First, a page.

I believe that everyone who lives in a country like ours should visit a third world country some time in their life. It may not be fun, but it is certainly an eye-opening experience. You can see how the rest of the world lives and how fortunate we are to live in a developed country.
I had my own experience of this type in June 2006 when I visited Honduras. I live on a farm that takes in exchange students from all over the world so they can gain agricultural experience. They normally stay from 6 months to a year on the farm. Five years ago we had an exchange student working for us who was from Honduras. She was a great worker and gained a wealth of knowledge from her stay here. My parents stayed in touch with her and several years later she sent us an email saying she was going to be married that June. We were very happy for her and we decided to travel to Tegucigalpa, Honduras to attend her wedding.
Our trip to Honduras was not very enjoyable. Our first flight from Minneapolis was delayed so that we missed our connecting flight in Miami. The next flight wasn’t leaving until 2 a.m. and we had to find a hotel to stay at until our flight left. Eventually we made it on the plane and were headed for Honduras. The city of Tegucigalpa is located in a valley with mountains surrounding it, so its airport is not very accessible. As we were descending into the valley on our small plane, the pilot suddenly pulled up and accelerated out of the valley so that we didn’t hit the mountains. He made it onto the runway on his second try and everyone on the plane cheered and applauded as we finally made a safe landing. The final, and worst problem we had that day was when we went to fetch our bags from the carousel. My bag turned up right away but my mom and dad’s bags didn’t. My grandfather who had come with us only had a carry-on bag. My parents argued with the staff but eventually had to accept the fact that their bags had been lost.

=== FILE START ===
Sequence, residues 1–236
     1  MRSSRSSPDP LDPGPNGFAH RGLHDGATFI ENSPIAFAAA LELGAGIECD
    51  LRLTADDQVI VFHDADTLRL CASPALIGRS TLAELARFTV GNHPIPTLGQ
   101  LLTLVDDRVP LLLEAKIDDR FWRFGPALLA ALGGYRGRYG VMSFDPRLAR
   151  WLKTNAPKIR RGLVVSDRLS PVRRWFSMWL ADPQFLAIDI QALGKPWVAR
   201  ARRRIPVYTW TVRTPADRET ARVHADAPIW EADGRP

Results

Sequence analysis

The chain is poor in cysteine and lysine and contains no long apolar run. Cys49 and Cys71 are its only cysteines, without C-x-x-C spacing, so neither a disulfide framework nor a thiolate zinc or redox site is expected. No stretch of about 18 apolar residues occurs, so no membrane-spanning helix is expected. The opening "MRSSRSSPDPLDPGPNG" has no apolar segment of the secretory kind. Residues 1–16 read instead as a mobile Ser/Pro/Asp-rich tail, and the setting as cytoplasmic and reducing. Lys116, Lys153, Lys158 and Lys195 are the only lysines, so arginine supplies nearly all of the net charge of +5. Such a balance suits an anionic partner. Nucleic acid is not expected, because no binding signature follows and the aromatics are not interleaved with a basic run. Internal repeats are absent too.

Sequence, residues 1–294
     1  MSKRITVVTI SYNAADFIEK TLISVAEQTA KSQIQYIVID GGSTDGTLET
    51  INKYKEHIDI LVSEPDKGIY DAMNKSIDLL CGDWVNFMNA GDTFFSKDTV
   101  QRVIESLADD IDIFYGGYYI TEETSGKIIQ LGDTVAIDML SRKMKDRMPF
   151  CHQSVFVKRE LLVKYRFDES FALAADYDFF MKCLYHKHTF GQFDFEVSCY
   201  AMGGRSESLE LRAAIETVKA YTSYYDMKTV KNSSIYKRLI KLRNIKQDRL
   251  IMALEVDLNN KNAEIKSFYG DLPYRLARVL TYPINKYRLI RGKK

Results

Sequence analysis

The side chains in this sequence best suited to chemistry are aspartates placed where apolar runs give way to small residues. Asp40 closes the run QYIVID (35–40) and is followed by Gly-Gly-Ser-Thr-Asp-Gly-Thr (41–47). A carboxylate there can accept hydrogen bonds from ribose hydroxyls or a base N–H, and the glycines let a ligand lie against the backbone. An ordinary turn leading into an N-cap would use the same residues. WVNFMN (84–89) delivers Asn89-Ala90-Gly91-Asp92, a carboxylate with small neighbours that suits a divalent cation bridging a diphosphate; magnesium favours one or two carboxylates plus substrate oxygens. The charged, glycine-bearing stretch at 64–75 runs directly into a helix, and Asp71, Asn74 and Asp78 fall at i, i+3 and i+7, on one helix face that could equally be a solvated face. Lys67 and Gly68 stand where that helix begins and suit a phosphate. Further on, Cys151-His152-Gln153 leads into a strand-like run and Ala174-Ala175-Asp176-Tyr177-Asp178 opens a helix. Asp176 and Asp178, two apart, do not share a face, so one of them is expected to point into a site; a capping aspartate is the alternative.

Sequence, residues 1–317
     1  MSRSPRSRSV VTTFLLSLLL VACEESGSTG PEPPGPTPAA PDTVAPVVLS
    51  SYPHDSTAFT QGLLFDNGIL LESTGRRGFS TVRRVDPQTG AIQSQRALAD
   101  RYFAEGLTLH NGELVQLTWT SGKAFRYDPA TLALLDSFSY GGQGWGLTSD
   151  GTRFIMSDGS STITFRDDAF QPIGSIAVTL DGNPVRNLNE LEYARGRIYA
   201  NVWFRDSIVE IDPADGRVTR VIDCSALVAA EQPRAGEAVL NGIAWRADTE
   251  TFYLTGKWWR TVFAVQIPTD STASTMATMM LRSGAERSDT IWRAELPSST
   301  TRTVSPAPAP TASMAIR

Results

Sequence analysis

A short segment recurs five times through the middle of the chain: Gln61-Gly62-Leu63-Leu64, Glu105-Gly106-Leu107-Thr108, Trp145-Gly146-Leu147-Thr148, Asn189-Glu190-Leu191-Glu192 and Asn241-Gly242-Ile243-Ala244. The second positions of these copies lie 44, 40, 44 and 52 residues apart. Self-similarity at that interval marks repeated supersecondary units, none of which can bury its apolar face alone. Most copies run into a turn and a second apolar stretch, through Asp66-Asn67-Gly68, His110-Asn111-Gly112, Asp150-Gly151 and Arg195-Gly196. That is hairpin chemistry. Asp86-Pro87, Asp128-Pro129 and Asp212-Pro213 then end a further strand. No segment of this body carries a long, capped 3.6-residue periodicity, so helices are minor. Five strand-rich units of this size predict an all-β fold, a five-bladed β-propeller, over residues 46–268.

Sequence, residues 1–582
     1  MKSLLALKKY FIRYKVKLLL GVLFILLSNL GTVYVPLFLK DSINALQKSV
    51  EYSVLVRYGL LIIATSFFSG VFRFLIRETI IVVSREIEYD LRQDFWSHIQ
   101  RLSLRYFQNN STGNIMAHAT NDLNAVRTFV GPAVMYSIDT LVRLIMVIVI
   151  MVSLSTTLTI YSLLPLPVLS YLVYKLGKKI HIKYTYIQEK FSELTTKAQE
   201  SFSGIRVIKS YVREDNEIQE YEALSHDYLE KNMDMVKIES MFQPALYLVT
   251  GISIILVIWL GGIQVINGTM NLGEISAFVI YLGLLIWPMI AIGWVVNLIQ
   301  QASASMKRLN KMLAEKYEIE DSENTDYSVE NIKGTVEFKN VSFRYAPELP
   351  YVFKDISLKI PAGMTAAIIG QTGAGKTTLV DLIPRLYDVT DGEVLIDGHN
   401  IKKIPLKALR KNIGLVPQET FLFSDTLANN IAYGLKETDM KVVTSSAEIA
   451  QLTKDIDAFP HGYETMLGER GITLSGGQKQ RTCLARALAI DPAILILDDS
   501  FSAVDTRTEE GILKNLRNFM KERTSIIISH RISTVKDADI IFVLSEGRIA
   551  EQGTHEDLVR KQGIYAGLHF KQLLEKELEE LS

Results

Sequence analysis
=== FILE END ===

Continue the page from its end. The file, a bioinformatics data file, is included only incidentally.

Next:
We spent the next two days exploring the city and its surrounding area with our former exchange student. As we drove through the city, we saw many differences between the culture of Honduras and our culture. One major difference was in how most people drove. No one used turn signals and they drove fast and erratically. Crime is also a huge problem. There were guards armed with shotguns standing outside of every restaurant and store in the city. Most houses had 10-foot walls topped with razor wire surrounding the property. As we drove through the country we saw plenty of beautiful scenery. The views of the mountains surrounding Tegucigalpa were stunning.
Several days after we arrived it was already time for the wedding. We had a great time at the reception; my grandfather was the first one on the dance floor after the bride and groom. We also enjoyed visiting with the other wedding guests. Fortunately my parents’ bags were found, but not until the day before we left. Our trip back to the U.S. was mostly uneventful and easy.
Overall we had a great time in Honduras. It was very interesting to see how that part of the world lives and what the country is like. As with most third world countries it has its problems but it can also have its treasures.
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